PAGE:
As Christians we should under all circumstances draw nigh to God. We should pray as did David, “Open thou my lips, and my mouth shall show forth thy praise.” [Psalm 51:15.] Those whose lips are opened to the praises of God in the family circle, in the society of others, will be closed to the service of Satan. Those whose lips are employed in prayer and praise and thanksgiving do not desire to cast insidious reflections and suspicions upon those who are carrying the burden of work that God has laid upon them. Those who are feeding on the Bread of life, the Word of the living God, and delighting themselves in the marrow and fatness of the promises of God, will not be living on slander, which is in truth spiritual cannibalism. He, who is in communion with Jesus Christ and with holy angels, can have no appetite for frivolous chitchat, and will not desire to sit at the table with slanderers—cannibals. 8LtMs, Lt 14, 1893, par. 4

Jesus Christ would have His children laborers together with Him. He would have them prayerful, kind, benevolent, and active in His service. In the work of Christ there is much to do in blessing, cheering, and comforting the souls for whom Christ died. The young man who would be a soul-winner must be so changed in heart that he will not wish to talk with frivolous youth who have no experience in the things of God. No young man or young woman who loves Jesus will have any appetite for those kind of companions who are selfish, cheap, and unchristian. Let every one be careful what he says, lest he wound by his words one of God’s little ones who is dear to the heart of infinite love. Those who feel free to speak disparaging words of others are far more guilty than the ones they condemn. 8LtMs, Lt 14, 1893, par. 5

At the time when the cases of several young men were presented before me, the case of Louie Christie was presented, and this case must not longer be neglected. It was shown me that he was not a proper person to be trusted with responsibility in the work of God, for unless thoroughly transformed, he would not do honor to the cause. I thought to have had a serious talk with him when on the boat coming from Auckland; but on second thought decided to wait and see if he would not be moved to seek God at the camp meeting. 8LtMs, Lt 14, 1893, par. 6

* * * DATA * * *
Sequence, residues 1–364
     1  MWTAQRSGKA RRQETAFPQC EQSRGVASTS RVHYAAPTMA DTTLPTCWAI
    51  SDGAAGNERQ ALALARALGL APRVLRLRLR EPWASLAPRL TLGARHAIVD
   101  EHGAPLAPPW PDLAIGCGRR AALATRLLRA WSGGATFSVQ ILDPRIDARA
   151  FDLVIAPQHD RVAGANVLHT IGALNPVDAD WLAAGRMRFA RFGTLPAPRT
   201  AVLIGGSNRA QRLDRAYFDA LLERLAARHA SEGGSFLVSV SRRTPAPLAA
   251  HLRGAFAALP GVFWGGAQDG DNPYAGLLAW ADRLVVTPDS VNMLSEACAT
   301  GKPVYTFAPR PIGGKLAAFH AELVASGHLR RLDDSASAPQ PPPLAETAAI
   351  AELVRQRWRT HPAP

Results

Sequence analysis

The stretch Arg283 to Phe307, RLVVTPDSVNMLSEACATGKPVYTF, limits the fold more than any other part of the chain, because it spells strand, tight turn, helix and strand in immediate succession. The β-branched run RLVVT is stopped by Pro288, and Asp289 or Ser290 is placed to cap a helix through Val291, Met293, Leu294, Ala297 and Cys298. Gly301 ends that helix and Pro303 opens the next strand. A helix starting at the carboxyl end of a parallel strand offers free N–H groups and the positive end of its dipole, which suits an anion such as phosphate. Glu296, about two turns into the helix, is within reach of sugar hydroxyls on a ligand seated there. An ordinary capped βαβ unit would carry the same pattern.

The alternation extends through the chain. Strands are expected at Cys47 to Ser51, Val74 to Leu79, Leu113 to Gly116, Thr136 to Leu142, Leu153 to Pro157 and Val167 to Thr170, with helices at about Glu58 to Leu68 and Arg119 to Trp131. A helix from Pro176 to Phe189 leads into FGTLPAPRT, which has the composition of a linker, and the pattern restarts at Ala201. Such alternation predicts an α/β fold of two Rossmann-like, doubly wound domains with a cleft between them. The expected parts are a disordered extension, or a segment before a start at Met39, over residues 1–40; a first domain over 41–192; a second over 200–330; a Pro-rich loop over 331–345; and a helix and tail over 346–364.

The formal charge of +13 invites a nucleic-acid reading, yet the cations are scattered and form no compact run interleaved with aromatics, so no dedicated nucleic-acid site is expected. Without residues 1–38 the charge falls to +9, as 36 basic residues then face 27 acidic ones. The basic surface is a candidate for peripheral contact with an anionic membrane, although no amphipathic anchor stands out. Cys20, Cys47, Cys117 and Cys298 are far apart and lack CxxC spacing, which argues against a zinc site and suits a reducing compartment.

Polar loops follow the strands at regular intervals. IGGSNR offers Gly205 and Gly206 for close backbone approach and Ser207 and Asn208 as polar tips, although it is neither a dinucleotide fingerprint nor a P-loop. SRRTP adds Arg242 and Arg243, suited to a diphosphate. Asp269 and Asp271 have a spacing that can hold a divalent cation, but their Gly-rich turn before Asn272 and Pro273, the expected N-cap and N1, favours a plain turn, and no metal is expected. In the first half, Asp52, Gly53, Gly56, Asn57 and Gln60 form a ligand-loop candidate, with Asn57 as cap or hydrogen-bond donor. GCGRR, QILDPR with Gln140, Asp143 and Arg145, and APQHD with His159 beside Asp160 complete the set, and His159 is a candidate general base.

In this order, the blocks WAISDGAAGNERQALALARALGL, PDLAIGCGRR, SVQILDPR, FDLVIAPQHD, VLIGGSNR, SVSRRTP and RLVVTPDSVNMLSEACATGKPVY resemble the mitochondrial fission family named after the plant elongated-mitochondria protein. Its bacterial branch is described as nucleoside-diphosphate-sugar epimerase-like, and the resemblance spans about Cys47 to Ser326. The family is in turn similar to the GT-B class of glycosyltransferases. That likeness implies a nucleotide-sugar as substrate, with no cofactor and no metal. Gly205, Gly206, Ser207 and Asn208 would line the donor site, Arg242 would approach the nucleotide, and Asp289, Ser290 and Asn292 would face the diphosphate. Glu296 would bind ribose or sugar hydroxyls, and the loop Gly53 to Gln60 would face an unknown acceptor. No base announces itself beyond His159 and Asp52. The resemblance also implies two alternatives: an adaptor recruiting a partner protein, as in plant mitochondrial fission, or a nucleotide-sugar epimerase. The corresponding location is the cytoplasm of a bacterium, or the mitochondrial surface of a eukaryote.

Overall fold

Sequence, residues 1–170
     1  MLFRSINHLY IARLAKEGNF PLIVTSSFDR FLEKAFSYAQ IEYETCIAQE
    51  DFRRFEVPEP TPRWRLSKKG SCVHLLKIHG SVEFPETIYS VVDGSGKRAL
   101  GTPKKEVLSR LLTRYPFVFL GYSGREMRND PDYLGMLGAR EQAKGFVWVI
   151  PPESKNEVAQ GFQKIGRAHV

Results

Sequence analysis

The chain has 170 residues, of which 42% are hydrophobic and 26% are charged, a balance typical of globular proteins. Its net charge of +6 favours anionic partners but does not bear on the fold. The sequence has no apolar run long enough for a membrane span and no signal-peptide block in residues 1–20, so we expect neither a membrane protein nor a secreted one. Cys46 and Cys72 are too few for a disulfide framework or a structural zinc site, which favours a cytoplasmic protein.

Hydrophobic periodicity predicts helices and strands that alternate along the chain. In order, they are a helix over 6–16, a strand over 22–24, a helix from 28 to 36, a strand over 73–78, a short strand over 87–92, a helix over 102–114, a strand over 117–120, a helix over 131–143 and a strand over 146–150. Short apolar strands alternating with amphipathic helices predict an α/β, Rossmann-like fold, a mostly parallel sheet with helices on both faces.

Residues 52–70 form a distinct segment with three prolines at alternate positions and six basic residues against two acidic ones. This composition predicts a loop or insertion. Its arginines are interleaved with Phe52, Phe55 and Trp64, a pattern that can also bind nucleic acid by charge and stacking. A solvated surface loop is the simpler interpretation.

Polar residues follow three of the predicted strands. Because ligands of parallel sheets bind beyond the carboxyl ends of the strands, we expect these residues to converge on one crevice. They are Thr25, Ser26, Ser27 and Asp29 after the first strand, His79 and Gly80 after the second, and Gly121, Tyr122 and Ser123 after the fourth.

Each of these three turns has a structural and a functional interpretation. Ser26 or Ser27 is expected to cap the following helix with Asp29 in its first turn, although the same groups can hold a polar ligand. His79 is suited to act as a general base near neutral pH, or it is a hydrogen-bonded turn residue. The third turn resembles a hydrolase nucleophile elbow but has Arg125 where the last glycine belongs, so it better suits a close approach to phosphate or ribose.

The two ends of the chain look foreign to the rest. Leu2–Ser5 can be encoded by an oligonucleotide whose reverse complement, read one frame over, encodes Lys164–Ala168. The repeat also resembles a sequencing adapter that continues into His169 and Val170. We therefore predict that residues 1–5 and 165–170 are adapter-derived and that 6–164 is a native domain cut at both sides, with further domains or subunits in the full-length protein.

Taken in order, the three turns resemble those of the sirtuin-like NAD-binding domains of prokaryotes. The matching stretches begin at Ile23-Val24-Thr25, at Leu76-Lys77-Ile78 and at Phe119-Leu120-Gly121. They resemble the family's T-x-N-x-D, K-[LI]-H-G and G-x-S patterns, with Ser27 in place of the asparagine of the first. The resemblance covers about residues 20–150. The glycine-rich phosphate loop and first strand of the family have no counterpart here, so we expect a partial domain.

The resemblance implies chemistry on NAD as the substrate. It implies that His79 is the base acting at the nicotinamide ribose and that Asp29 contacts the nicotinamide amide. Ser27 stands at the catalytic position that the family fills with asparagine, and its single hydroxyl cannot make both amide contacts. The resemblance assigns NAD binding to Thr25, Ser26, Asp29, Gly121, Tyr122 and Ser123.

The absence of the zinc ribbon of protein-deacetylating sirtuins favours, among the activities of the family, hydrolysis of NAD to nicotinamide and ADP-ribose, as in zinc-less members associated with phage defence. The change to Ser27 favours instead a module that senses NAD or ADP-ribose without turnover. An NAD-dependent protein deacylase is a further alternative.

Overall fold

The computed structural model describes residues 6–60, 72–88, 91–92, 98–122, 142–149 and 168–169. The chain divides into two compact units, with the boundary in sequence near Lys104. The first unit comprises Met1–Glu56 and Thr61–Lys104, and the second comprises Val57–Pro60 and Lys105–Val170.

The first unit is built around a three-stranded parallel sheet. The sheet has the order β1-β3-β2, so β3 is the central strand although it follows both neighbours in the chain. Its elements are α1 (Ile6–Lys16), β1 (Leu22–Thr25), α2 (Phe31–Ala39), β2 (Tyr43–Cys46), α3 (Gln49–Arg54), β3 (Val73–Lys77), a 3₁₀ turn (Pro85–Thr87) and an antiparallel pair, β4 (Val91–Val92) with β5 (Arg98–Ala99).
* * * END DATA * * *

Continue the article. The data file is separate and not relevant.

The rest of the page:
I determined to present general principles at the meeting that would have a bearing on his and every other such case, and see if he would not confess his own sin. It seemed much better for him to take this course than that I should deprive him of confessing his sins before hand, and thus shut away from him the blessing that would follow should he yield to the convicting power of the Holy Spirit, see himself as he was, and make thorough work of repentance in contrition of soul. 8LtMs, Lt 14, 1893, par. 7

“If we confess our sins, he is faithful and just to forgive us our sins and to cleanse us from all unrighteousness.” [1 John 1:9.] While in Napier, I bore a decided testimony in regard to the way canvassers should do their work. I told them what they had done and what they should do in order to be approved of God; but Louie Christie did not clear himself in this matter at the camp meeting. I knew him to be one of the number I had seen in connection with the work at the office in North Fitzroy. He is one who will seek the society of young girls at every opportunity, and they will be foolish enough to be diverted from their interest in the meetings in order to be in his society. When he was accepted as a canvasser, I thought that I would wait and see whether or not he would make decided changes in his habits of life. I knew that he had capabilities, and that some features of his character were admirable, and if he did manifest true repentance and make reformation, I would not desire to present his case at that time; but the matter can be delayed no longer, and I fear it has been delayed too long as it is. 8LtMs, Lt 14, 1893, par. 8